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An insight into the protection of women from domestic violence act, 2005

Author: 
Ms. Manjari Chandra
Subject Area: 
Social Sciences and Humanities
Abstract:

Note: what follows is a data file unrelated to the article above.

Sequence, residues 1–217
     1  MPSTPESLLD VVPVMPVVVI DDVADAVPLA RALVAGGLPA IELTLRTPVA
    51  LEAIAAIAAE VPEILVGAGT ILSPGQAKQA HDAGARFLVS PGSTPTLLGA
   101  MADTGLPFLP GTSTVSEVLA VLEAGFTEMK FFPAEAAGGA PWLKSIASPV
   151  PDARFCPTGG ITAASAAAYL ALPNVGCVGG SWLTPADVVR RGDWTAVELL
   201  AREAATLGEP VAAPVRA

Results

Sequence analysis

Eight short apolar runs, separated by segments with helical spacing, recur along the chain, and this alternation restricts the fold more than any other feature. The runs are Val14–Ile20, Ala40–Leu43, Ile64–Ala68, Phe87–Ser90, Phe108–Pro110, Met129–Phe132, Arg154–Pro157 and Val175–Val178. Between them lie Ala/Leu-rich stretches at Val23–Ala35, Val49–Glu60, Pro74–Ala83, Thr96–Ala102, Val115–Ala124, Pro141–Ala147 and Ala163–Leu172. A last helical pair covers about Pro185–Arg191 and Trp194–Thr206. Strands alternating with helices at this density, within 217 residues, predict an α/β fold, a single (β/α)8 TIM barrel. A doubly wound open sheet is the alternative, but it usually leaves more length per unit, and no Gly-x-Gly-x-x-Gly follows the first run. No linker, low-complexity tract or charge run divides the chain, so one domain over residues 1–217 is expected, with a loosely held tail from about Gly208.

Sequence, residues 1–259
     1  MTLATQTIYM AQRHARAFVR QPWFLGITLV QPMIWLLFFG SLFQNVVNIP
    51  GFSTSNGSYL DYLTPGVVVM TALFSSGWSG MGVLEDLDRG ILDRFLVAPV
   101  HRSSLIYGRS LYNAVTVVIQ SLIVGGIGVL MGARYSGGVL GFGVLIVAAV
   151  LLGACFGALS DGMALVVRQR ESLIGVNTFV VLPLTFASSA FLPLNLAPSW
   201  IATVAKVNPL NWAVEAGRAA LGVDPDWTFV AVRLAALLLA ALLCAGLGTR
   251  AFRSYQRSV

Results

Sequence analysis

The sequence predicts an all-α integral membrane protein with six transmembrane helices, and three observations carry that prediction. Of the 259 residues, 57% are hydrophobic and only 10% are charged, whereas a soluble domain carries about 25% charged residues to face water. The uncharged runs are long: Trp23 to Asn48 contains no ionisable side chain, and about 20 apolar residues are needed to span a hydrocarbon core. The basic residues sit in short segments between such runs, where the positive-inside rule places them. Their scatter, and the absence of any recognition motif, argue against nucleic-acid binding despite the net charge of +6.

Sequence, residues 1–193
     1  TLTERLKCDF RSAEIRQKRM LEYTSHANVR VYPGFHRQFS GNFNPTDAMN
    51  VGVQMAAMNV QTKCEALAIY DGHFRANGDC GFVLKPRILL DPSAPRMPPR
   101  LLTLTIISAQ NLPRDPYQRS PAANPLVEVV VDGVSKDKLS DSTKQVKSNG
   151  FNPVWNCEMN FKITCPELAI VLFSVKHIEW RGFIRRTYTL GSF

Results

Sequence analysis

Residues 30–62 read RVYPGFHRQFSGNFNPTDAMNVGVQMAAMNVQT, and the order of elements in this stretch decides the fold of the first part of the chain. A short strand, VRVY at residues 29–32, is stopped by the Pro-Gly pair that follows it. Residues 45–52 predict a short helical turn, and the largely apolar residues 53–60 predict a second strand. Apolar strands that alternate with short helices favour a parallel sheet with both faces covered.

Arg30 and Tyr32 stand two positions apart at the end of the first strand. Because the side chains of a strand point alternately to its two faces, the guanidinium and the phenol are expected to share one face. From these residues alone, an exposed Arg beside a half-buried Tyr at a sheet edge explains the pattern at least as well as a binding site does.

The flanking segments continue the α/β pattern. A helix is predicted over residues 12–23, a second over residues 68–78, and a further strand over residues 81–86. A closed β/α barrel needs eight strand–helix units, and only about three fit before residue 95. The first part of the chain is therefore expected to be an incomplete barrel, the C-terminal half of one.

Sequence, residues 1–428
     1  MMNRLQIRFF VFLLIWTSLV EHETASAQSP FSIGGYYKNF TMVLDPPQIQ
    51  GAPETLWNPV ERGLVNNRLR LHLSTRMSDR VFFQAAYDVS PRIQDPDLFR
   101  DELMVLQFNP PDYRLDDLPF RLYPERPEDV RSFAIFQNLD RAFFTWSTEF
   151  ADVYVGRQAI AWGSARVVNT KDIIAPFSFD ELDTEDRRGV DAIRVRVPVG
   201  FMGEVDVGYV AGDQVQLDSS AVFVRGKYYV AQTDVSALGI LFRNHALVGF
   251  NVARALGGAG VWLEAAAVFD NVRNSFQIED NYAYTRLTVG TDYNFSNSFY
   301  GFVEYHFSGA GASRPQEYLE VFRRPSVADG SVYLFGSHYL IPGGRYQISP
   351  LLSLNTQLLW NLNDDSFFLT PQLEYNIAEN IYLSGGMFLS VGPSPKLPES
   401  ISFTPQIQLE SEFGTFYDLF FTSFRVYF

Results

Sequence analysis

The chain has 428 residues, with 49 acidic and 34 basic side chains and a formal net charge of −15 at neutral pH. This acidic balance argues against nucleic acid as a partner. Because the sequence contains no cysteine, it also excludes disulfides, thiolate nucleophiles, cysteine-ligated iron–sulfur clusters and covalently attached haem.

The issue of violence against women in India was publicly highlighted and discussed for the first time in the mid–1970s through the campaign against dowry and related violence. The campaign led to the passing of the Criminal Law (Second Amendment) Act in 1983, which introduced Section 498-A in the Indian Penal Code, 1860, as amended (hereinafter, the “IPC”). Under this provision, ‘cruelty’ to a wife by her husband or his relatives was made a cognizable, non-bailable offence, punishable with imprisonment up to three years and fine. ‘Cruelty’ was defined to include both physical and mental cruelty, and any harassment associated with the demand for dowry i.e., an inclusive definition was accorded to the term so as to keep its ambit broad; keeping in terms with the mischief the provision intended to cure. However, criminal law, by its very nature, requires the State and its agencies to trigger it, which means it necessitates the police to act, to make an arrest, to investigate and to prosecute. Hence, more often than not, the law was defeated by sheer inaction which soon came to be institutionalised all over the country along with the policy of ‘counselling, conciliation and mediation’. Similarly, Section 304-B was introduced in the IPC in 1986, creating a new offence of ‘dowry death’, making it possible to prosecute the husband and in-laws of a woman, in the event such woman died as a result of burns or other injury within seven years of marriage under suspicious circumstances, and if it could be established that she was subjected to cruelty or harassment by the husband/in-laws in relation to the demand for dowry. The offence of ‘cruelty’ also posed difficulties when one tried to include within its purview, issues of sexual violence, economic violence or even threats of violence. Additionally, when the issue of support systems for affected women came into play, the criminal law itself had little to offer with respect to taking care of the woman’s immediate needs of protection, shelter and monetary relief. Looking at the domestic front, starting from Vedic age to twenty first century, women in India perhaps have never experienced equal rights and freedom compared to their male counterparts. The concept of ‘Ardhangini’ [half of the body] seems to be restricted only in literatures and has never been implemented in practical life. In addition to this, extracts from Ramcharitamanas such as “Dhol, Gawaar, Shudra, Pashu aur Nari; Sakal Tadan ke Adhikari” [drums, uncivilized illiterates, lower castes, animals and women are all fit to be beaten]; the Pardah system [veiling], and Sati system [self-immolation of a lady with her husband’s pyre] that only women are subjected to, is a reflection of the history of women’s subordinate status. In short, it is always women who have to be in the tight rope, subject to inequality and looked down upon as the inferior sex. Since the age of Manu, women were denied rights and Manu Smriti states that “Pita rakshite komary, pati rakshite tarunya, putro rakshite vurdotav, na stri swatantra maharti” [during childhood, a female must remain subjected to her father, in youth to her husband, then to her sons; a woman must never be independent]. Indian scriptures also emphasize the concept that there is no God on earth for a woman than her husband, and she must on the death of her husband allow herself to be burnt alive on the same funeral pyre. The subordinate status of women combined with socio-cultural norms that are inclined towards patriarchy and chauvinism can be considered as an important factor determining the existence, prevalence and acceptability of domestic violence in Indian society. Domestic violence, as any act of physical, sexual, or psychological abuse, or the threat of such abuse, inflicted against a woman by a person intimately connected to her through marriage, family relation, or acquaintanceship is universal and has its root in the socio-cultural setup of the society. The perpetrators of domestic violence have often been found to be the males. According to a recent study, one in three women (around the world) have been beaten, coerced into sex or abused in their lifetime by a member of her own family. In view of the prevalence as well as the pervasiveness of domestic violence, many researchers in the past have attempted to assess the situation besides exploring its possible cause and subsequent consequences for society in general, and women in particular. Domestic violence cuts across age, education, social class and religion in India. While many researchers came out with findings that lifestyle of men such as smoking, alcoholism and drugs promoted domestic violence, some were of the view that masculinity and domestic violence are closely interlinked. Studies have also revealed that sons of violent parents, men raised in patriarchal family structure that encourages traditional gender roles are more likely to abuse their partners. However, it is universally considered that gendered socialization process is mainly responsible for the occurrence, existence and continuation of domestic violence in the Indian setup. As Freedman points out, violence by husbands against wife should not be seen as a break down in the social order, rather it should be seen as an affirmation to the patriarchal social order. Similarly, Jejeebhoy (1998) is of the view that not only wife beating is deeply entrenched, but also people justify it. Thus, domestic violence is simply not a personal abnormality but rather it has its roots in the cultural norms of the Indian society. Again, looking from another angle, it is found that many of the victims of domestic violence have either refused to name the perpetrator of the assault or attributed the injuries to other reasons. In order to develop effective intervention programme and policy, it is vital to know the attitude and perception of women towards the issue.